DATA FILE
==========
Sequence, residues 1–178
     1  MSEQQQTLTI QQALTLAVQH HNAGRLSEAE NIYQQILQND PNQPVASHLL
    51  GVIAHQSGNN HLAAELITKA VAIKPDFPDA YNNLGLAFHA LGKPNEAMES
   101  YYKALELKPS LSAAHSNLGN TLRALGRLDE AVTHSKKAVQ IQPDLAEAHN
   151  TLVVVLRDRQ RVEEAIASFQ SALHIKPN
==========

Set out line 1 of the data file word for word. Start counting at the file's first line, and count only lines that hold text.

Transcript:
Sequence, residues 1–178